Below the orchards and vineyards, among the hills covered with lemon trees used to make limoncello, are the picturesque Balamory-style buildings. Like a quilt thrown over the edge of a rocky cliff, clusters of brightly colored houses cling to the precipice.
During the day you can hear the steeples chiming above a lazy hive of human activity, but I’m told that at night the frogs chatter frantically while small boats silently fish for anchovies. As I watch callous locals and sunburned travelers fill the ravines, I enjoy a glass of sweet Sciacchetrà wine (found only in Cinque Terre) with a crispy biscotti.
In the other direction – heading west up the coast from Sestri – is Portofino, loved by everyone from Sinatra to the Clooneys. Bathed in sunshine and dripping with pink wisteria, the gorgeous old hotels, dotted across the hills, exude glamour. Over an expensive lunch on the harbor, I watch a woman run on a treadmill in the back of a superyacht and reflect on my life choices.
While the boutiques, art galleries, cafes and restaurants of Portifno make for a pleasant afternoon of grazing and window shopping, the bay of San Fruttuoso, a short ferry ride away, is perhaps more captivating. The small cove is overlooked by a domed 10th-century abbey and a fisherman’s cottage available for vacation rental, but other than that pretty stone building it’s simply a beach, no more than an indentation along of a mountainous coastline, accessible only by boat or on foot.
This little dot on the map – an oasis of nature, history and relaxation – gives new meaning to the word “idyllic”. After a swim in the crystal clear waters, I order a bowl of salty chips from a treehouse-like bar in the bay. Above me, the lush, green Mediterranean scrub – mostly pines and holm oaks – rises up to an open sky, while below, in the aquamarine sea, children splash and are playing.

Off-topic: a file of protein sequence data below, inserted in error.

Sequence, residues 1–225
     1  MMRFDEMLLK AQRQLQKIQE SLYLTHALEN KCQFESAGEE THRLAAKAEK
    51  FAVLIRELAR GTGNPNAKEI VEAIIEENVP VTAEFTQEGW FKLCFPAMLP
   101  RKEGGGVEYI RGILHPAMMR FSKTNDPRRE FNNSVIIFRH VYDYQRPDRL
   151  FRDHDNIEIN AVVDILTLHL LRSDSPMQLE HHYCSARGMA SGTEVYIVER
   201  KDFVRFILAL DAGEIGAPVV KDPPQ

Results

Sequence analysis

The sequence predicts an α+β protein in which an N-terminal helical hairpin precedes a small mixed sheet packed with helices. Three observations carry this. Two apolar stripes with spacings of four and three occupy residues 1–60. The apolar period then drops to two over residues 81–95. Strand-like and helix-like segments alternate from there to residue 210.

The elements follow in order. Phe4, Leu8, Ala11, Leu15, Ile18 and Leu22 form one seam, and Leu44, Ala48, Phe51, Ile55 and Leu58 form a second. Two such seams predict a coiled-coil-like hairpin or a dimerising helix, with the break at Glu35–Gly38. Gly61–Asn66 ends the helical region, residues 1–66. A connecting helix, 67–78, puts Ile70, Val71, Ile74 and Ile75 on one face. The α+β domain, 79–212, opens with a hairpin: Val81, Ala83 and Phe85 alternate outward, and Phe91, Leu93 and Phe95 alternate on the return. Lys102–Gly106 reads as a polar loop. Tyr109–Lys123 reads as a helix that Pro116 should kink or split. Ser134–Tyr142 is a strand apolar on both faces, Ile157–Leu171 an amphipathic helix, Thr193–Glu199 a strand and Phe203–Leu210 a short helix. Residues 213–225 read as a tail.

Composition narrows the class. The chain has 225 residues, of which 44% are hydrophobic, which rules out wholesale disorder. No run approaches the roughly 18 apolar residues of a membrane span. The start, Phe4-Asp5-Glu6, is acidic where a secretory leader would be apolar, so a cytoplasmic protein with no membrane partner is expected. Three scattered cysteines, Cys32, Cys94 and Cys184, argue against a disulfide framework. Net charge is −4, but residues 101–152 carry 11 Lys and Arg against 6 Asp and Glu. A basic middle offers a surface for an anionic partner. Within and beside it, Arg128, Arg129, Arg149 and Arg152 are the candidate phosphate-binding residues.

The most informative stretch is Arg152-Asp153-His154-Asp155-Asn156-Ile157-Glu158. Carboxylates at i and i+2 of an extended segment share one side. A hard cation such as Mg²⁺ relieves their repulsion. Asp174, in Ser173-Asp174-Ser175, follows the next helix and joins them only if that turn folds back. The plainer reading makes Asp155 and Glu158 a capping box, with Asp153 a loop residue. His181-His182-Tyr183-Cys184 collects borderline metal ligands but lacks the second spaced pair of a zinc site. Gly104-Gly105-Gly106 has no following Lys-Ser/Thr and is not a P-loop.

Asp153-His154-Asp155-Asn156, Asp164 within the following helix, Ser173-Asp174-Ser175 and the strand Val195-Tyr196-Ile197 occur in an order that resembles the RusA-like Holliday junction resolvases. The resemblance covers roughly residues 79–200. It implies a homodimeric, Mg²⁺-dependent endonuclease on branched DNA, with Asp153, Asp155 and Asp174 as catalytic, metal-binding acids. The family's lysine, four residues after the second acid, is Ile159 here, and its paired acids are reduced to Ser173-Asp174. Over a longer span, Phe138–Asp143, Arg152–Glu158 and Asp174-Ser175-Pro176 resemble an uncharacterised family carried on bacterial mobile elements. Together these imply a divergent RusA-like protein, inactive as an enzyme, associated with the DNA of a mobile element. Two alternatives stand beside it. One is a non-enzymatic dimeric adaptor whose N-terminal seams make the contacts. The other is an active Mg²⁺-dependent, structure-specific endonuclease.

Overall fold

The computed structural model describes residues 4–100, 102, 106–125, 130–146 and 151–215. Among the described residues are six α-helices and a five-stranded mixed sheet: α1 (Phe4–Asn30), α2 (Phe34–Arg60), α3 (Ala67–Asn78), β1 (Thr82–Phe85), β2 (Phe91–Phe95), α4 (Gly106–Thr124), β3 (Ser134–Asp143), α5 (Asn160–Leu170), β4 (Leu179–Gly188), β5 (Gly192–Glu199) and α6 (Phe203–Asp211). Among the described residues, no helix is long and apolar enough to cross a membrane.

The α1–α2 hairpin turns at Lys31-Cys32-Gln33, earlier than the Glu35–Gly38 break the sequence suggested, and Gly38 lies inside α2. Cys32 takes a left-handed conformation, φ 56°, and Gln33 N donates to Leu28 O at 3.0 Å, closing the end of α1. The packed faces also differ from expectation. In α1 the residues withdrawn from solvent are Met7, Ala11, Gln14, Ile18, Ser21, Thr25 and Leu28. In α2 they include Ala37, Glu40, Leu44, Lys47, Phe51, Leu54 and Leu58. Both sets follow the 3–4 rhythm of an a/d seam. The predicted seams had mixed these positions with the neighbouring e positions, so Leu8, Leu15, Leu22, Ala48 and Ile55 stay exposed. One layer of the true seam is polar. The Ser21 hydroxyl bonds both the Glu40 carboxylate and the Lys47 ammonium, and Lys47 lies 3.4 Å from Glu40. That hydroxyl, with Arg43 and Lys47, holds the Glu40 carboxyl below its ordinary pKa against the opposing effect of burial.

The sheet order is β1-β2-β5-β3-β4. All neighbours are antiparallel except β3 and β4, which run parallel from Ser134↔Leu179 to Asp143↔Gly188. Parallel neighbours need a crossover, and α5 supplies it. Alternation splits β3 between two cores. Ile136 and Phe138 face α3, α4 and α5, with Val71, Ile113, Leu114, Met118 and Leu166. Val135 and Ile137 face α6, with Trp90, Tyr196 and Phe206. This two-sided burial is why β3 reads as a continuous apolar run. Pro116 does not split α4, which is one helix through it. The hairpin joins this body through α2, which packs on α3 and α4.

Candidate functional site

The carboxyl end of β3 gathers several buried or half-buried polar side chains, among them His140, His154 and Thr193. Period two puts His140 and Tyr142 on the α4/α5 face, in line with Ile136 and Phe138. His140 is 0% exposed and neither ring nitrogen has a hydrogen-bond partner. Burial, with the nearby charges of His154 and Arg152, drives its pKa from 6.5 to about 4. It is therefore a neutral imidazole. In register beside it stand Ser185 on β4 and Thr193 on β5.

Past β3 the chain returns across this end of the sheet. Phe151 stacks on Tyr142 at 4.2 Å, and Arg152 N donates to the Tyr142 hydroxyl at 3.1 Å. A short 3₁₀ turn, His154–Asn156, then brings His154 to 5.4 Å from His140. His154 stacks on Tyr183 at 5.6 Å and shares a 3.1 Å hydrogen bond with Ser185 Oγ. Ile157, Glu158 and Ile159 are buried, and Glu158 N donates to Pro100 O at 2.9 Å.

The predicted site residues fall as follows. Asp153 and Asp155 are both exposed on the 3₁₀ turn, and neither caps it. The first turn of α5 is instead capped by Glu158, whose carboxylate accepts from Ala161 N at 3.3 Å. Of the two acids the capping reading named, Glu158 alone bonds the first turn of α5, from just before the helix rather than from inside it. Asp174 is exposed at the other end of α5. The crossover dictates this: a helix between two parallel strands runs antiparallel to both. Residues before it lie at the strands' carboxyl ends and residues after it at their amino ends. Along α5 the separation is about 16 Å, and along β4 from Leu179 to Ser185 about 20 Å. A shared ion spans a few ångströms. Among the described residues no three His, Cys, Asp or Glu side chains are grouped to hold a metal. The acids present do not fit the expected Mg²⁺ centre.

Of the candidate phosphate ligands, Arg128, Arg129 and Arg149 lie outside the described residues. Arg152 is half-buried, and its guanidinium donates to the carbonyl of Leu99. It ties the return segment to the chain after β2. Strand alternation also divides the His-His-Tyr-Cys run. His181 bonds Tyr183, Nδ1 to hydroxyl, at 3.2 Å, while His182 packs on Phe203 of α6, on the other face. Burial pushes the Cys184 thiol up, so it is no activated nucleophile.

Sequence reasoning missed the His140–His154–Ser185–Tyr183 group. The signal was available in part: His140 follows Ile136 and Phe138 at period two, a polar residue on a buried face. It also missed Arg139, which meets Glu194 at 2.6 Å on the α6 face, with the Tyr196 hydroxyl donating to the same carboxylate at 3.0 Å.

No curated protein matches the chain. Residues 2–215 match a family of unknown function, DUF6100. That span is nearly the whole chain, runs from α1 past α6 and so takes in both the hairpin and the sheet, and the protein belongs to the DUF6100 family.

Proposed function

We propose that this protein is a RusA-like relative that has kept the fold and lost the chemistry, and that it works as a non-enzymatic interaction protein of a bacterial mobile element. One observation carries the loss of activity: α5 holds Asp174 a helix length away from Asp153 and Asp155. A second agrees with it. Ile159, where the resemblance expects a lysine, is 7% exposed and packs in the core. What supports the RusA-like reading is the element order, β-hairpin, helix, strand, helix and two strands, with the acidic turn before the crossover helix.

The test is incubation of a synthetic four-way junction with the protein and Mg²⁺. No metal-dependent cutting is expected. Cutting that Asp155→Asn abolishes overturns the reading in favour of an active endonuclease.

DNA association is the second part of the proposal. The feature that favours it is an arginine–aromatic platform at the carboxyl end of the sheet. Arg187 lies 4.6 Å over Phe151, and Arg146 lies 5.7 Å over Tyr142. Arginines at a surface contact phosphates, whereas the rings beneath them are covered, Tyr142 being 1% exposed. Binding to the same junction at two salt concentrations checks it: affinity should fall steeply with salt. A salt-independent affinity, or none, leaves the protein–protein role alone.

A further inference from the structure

Returning from Liguria to London, I am struck by the ease with which the train made it possible to assemble the jewels of the Ligurian coast. After a busy summer of flight delays and cancellations, I found I couldn’t get excited about flying overseas until the wheels left the tarmac.
Throughout Europe, efforts are being made to make train travel more attractive, especially as an alternative to short-haul flights. There has been a recent revival of sleeper trains, alongside new investment in high-speed rail. German online travel comparison site Omio recently reported a 53% drop in flight bookings this summer across five key European markets, compared to the same period in 2019. Overall, it noted that bookings trains increased by 7%.
“What we are seeing more and more on our platform is what is called a ‘modal shift’: more sustainable means of transport like bus and train are gaining popularity compared to air travel. However, this is not only due to travellers’ environmental awareness, but also to rising costs, especially for airfares,” says Naren Shaam, Founder and CEO of Omio.
There’s an obvious environmental benefit, but after my gentle introduction to this glittering corner of Italy, it’s also a winning way to see a country, especially if you also want to be surprised by its secrets.
The writer traveled with Rail Discoveries, which offers a nine-night Italian Riviera train journey from £1,249 pp. The price includes B&B accommodation, six dinners, escorted excursions, and train and coach travel throughout the tour.